Top 5 This Week

Related Posts

Rumors Swirl That Paxton Will Resign Prior to Impeachment

Resignation rumors swirling around Attorney General Ken Paxton were refuted by the man himself on Saturday. Despite speculation about his potential resignation before the impending trial, Paxton took to social media to assert his dedication: “Wrong! I will never stop fighting for the people of Texas and defending our conservative values.” This statement directly contradicts the whispers, especially considering Paxton’s restricted ability to publicly discuss the pending trial.

Paxton’s legal counsel echoed his sentiment. Defense attorney Dan Cogdell dismissed the notion, saying, “Whomever is saying that must be talking to a different Ken Paxton than I am.”

Initial reports of Paxton’s rumored resignation surfaced on social media via Quorum Report. Adding fuel to the fire, Paxton’s name stood at the forefront of witnesses lined up by House impeachment managers for the upcoming trial. Yet, House prosecutors remain resolute: the trial will proceed regardless of Paxton’s status. A source close to the managers emphasized their commitment: “The House managers intend to fulfill their Constitutional duty and proceed with an impeachment trial. Resignation does not prevent a trial. The Constitution is clear that a Senate trial is required after the House has voted to impeach.”

Dick DeGuerin, part of the team representing the House managers, expressed readiness for the September 5 trial kickoff. Lieutenant Governor Dan Patrick, who will preside over the trial, addressed additional speculation about “back-channel” conversations with Paxton’s team, labeling it a fabrication: “There are no ‘back-channel’ conversations with any party to the proceedings. This is a fabricated story.”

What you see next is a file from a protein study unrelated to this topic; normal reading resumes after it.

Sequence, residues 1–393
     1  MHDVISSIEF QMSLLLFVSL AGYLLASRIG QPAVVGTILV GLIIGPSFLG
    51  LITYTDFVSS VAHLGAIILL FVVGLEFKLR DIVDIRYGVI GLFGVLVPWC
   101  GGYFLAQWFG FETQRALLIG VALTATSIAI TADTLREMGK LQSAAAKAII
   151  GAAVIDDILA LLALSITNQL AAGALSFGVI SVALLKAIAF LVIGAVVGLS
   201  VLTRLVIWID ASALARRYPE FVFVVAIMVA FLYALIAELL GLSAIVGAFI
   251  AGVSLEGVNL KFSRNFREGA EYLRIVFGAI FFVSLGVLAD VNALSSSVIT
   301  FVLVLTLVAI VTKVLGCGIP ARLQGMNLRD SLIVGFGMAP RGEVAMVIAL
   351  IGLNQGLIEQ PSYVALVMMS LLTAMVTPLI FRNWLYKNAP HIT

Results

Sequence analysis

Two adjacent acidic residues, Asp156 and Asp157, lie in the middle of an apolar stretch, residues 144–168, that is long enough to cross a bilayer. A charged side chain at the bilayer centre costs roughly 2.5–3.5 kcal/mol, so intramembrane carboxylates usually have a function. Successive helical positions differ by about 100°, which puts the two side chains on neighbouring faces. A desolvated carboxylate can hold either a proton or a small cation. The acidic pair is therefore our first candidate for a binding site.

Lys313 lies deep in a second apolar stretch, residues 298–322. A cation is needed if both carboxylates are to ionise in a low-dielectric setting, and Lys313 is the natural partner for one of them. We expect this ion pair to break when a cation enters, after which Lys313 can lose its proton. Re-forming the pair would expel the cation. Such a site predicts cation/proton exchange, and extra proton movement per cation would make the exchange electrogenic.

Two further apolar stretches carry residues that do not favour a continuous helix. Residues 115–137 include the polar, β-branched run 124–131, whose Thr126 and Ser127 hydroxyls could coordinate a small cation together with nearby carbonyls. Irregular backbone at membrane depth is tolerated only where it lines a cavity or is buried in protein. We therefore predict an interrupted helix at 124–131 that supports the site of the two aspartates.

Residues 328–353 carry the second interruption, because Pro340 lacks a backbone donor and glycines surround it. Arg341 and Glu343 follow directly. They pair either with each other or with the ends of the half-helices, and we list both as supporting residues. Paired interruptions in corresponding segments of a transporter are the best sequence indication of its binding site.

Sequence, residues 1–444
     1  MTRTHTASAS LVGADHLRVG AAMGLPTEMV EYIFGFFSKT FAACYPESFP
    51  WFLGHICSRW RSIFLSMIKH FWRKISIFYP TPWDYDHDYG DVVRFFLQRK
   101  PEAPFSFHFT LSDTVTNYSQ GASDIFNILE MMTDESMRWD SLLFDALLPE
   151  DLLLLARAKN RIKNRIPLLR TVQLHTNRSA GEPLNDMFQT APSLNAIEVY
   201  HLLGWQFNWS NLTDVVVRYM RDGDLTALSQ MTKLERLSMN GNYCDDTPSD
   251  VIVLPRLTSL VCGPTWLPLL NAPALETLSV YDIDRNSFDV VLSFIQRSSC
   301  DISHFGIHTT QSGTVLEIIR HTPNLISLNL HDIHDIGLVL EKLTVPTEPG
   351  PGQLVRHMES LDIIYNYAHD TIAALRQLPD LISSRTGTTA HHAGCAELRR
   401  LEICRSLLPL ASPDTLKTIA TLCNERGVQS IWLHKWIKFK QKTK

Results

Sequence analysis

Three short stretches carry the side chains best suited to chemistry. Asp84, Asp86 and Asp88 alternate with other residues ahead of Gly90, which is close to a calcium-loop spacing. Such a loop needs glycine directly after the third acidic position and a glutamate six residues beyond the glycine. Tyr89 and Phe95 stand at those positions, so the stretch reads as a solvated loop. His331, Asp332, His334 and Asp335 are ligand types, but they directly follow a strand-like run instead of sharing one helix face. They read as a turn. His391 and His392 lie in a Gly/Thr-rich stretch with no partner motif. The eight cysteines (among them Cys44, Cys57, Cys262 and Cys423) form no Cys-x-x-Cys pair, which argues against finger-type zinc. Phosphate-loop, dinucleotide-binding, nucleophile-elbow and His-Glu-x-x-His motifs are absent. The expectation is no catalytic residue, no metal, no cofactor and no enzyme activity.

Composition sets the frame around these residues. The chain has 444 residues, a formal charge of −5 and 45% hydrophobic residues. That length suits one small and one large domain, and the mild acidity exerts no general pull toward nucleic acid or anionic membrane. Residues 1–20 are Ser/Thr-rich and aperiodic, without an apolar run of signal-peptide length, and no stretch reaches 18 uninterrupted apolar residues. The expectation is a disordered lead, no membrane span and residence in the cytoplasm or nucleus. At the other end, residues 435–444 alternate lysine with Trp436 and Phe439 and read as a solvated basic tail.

Looking back in history, the Texas Constitution dictates that an impeachment of a state official must be tried by the Senate. The closest parallel harks back almost a century to 1924, during Governor James “Pa” Ferguson’s impeachment. In that case, Ferguson resigned only after the Senate’s conviction, preempting his removal by a mere day.

With the House’s decisive 121-23 vote in late May, Paxton faced immediate suspension from office. The trial itself won’t encompass criminal charges, as the Senate’s decision will decide his permanent removal. Paxton stands accused of bribery, abuse of office, and obstruction, marking a tenure plagued by controversy and criminal charges.

The Senate trial is set to commence on September 5, where Paxton’s fate will be determined by a two-thirds majority of the Texas Senate. Conviction on any of the impeachment articles will lead to his removal from office.

Written by RA News staff.


Please enter your comment!
Please enter your name here

Popular Articles

Award-App Footer

Download our award-winning app